Last Thursday a Ryanair Boeing 737 was preparing to depart Bordeaux, France for London Stansted airport when French authorities stopped the aircraft, prevents passengers from boarding, and seized the jet.
The passengers had gone through passport control and security and were about to walk on the tarmac to board the plane when airport authorities told them to turn around…
No Ryanair staff members were available, and the only communication from the airline was two text messages saying simply that the departure was delayed, and a 5-euro ($5.75) voucher for food — “less than what a sandwich cost at the airport café,”
The French government offered Ryanair subsidies. Those subsidies were declared illegal by the European Union. So France was trying to get its money back — about US$610,000 in all.
I’m of mixed mind here,
- France offered the subsidies illegal. Ryanair complied with its obligations. And France gets its money back? Really? It seems like the better solution would be to fine France for acting illegally, not to punish a company taking a deal in good faith.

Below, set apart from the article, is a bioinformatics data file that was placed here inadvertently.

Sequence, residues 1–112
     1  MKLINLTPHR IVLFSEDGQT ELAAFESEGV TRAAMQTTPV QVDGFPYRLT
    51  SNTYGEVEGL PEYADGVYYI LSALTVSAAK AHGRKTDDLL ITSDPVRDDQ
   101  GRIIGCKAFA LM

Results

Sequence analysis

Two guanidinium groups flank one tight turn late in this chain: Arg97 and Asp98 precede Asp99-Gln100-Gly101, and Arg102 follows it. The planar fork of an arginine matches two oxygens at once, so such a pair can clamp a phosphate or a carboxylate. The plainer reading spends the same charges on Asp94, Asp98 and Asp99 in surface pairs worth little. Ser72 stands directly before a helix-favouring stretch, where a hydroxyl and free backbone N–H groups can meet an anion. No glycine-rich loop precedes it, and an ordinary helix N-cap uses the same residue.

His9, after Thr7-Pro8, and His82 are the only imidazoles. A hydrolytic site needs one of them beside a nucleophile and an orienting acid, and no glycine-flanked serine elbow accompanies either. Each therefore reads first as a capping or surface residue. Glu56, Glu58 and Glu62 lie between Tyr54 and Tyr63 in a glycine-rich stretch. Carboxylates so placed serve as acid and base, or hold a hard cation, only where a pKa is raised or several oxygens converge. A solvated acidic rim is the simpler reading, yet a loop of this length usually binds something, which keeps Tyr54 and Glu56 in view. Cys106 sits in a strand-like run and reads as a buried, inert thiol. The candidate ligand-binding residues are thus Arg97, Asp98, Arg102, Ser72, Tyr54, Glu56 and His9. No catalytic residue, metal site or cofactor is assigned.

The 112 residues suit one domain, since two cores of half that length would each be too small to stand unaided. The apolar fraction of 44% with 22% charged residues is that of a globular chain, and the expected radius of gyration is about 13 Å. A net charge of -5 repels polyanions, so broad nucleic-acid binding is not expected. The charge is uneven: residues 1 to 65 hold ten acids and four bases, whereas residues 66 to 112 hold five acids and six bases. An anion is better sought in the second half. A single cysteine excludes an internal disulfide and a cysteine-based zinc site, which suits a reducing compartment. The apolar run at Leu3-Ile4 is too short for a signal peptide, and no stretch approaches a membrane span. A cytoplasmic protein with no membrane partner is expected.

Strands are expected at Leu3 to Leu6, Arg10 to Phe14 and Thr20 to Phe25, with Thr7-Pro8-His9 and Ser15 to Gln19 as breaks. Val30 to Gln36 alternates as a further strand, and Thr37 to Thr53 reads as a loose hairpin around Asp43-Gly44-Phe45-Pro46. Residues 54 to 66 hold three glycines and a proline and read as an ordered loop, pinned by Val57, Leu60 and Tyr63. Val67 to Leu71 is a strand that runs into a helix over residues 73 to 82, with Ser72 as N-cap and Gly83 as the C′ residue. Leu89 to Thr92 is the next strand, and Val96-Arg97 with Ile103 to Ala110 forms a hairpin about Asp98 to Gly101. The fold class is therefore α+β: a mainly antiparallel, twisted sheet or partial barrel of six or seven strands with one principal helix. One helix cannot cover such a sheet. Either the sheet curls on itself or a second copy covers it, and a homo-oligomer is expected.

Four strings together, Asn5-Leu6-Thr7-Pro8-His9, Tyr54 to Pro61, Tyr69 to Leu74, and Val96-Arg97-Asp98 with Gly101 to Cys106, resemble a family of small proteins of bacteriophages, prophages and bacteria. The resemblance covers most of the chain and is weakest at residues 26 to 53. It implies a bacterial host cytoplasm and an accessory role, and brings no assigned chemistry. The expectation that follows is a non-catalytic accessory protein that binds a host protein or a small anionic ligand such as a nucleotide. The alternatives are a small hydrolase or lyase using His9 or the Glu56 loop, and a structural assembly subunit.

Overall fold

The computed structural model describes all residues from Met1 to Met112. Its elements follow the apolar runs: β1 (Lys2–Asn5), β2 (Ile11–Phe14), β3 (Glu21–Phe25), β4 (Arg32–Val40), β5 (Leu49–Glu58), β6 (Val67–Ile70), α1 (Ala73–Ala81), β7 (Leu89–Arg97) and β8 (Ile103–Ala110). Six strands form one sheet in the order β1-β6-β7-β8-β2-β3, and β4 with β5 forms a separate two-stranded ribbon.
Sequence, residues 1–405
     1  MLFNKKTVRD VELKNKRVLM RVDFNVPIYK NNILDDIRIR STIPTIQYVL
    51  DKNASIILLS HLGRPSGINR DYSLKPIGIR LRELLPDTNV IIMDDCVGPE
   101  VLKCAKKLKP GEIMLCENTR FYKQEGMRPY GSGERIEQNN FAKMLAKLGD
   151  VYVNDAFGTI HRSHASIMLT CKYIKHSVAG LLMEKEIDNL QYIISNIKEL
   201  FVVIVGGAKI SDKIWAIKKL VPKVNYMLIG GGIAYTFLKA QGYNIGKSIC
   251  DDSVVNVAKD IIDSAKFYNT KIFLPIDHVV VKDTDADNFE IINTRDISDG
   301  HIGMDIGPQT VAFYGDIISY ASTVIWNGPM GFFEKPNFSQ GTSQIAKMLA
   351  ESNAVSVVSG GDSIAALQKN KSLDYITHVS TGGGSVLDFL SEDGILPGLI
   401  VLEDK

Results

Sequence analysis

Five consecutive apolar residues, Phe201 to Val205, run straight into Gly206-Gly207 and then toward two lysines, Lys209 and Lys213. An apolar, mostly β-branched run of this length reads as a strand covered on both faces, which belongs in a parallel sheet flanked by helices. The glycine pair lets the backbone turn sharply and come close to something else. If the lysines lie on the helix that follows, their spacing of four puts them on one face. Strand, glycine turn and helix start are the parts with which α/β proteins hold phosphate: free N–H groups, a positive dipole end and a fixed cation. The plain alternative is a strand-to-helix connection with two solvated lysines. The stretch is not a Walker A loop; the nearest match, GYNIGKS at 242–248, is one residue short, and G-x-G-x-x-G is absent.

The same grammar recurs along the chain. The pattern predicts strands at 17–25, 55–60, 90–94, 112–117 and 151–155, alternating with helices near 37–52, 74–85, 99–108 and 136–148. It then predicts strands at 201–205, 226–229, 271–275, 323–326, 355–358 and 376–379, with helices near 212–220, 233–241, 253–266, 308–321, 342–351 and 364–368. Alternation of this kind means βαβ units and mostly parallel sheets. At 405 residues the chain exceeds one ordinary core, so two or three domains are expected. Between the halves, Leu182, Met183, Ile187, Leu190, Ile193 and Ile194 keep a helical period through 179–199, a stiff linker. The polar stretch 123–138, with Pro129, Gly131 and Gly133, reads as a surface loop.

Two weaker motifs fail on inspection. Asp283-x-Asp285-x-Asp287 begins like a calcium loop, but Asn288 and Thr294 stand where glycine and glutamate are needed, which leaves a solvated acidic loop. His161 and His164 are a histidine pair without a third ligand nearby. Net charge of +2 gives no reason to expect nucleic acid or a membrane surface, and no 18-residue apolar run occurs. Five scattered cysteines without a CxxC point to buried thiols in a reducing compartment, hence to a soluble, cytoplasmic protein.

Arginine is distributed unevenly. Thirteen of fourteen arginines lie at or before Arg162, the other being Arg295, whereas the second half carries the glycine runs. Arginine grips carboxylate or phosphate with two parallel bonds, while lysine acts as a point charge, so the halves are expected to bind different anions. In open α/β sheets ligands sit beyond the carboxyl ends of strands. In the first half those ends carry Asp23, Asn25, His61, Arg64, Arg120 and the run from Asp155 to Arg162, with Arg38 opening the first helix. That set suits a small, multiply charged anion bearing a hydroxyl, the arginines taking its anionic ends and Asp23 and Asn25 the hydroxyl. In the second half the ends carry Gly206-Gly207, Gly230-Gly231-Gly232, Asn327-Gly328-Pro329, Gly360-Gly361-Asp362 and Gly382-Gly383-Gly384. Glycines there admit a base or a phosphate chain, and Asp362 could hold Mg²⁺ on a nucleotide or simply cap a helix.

- The funds have essentially been ‘in collections’ since 2014. Ryanair was served a final warning. They ignored it. Absurd as I find it, that’s the law, and Ryanair shouldn’t ignore it. Besides it’s really not that much money in the scheme of things, they probably saved this much not refilling soap in their lavatories.
- It’s pretty absurd to subsidies Ryanair, which has the highest operating margin currently of any airline in the world.
- Now the French government knows how Ryanair passengers feel trying to get compensation for long delays and cancellations.
Copyright: trevorbenbrook / 123RF Stock Photo
Passengers were moved onto another flight and departed five hours late. Ryanair paid up right away and got its 737 back the next day.
(HT: Live and Let’s Fly)